Nicholas Gray, Teacher, Ashcroft Technology Academy
In terms of film history this is a really important social and film document but also in terms of British social realism. I think its something that’s important for them as historians but also to see the power of film to document these things in a very realistic way. I will use this film back in the classroom as an introduction to the social realist tradition in British cinema and hopefully because they are filmmakers as well they could possibly feel inspired and understand the possibility of film to change the way people think and highlight social issues.
Students, Ashcroft Technology Academy
I really enjoyed it, I was looking at all the different camera angles and I really liked the one at the beginning when the train was passing by. We could just see slices of their heads, we could never see their bodies in full and I thought that was like a metaphor for their situation at the time because they were not fully aware in their situation and it just shows the depression in which we are going through. The Q&A was quite informative; I learnt a lot that I didn’t already know so that was good.
Craig Catlow, Teacher, North East Surry College of Technology
We were really excited to see Ken Loach more than anything else and it was an opportunity to let our students watch something that they wouldn’t normally perhaps choose watch. It could perhaps turn them on to thinking a little more deeply about society as a whole. I’ve already been thinking about discussions I want to have in class with the group and some of the ones not here today will need to hear about today..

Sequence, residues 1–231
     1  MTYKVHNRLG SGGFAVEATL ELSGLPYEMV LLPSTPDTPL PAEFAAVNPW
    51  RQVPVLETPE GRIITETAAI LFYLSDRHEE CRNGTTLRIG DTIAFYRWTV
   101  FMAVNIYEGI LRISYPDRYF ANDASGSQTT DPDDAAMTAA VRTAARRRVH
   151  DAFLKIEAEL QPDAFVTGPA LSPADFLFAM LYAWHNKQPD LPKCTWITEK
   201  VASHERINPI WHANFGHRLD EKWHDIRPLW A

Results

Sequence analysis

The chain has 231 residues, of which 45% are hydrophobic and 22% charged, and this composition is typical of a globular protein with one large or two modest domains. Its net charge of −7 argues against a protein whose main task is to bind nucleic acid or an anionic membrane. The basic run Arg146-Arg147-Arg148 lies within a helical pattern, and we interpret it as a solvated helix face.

Students, North East Surry College of Technology
The thing I enjoyed most and the thing that struck me was the story. Because at the start you’ve got all the characters and all the friendly banter in the workplace and then once the work force has been privatised and the agency comes in their moods change. They take their jobs more seriously and they are more uptight about their money in a way. I thought the Q&A was quite insightful because I see Ken Loach as more of a political activist because he’s always got that political insightful mind and I think that’s actually the thing he thinks about the most.
Students, Uxbridge College
It was very interesting. I was talking to my teacher about it, about how we need more films like this with more depth in it rather than the films we have now that are all about the spectacle and don’t deal with real issues. You get a lot more character development comes with that. I was surprised really because I haven’t seen that film before and I don’t think I would have seen it if I hadn’t come today. I’m glad I have come and it has made me think that I probably should research more into it.
The Q&A was very interesting because it brought to light many issues that a lot of people have been thinking about. With the youth unemployment rate going up and up and up, unless we do something about it nothing is going to happen. We will just be stuck in this situation where we has a voice but no one will be willing to use it because they will only want to put the onus on someone else. So if we do band together and become involved in unions we get achieve amazing things, it has been proved before.
Sharon Wallace, Teacher, The College of North East London
One of the reasons why they came was because they are doing a unit called Social Action Media as part of the course they are doing so the film ties in with that. One of the things the students asked Ken was how can young filmmakers try and touch people the way that that sort of film managed to without a budget. Obviously they don’t have a budget, they have tiny amounts of money and limited equipment and he gave them really good advice about just keeping it human, keeping it real. So they are going to try and do that and within this unit involves the students working with local community organisations, a lot of them are charities. Each group will be working with a different charity or community group and bringing their ideas forward. We can take ideas from this film to build into that.
Student, The College of North East London
I came today to see the director and watch the film because I am studying media and my teacher thought this film would be relevant for the project I am doing. It was really educative and has given us young youths courage to work hard so that we are able to work, not only in zero hour contracts. It inspired me.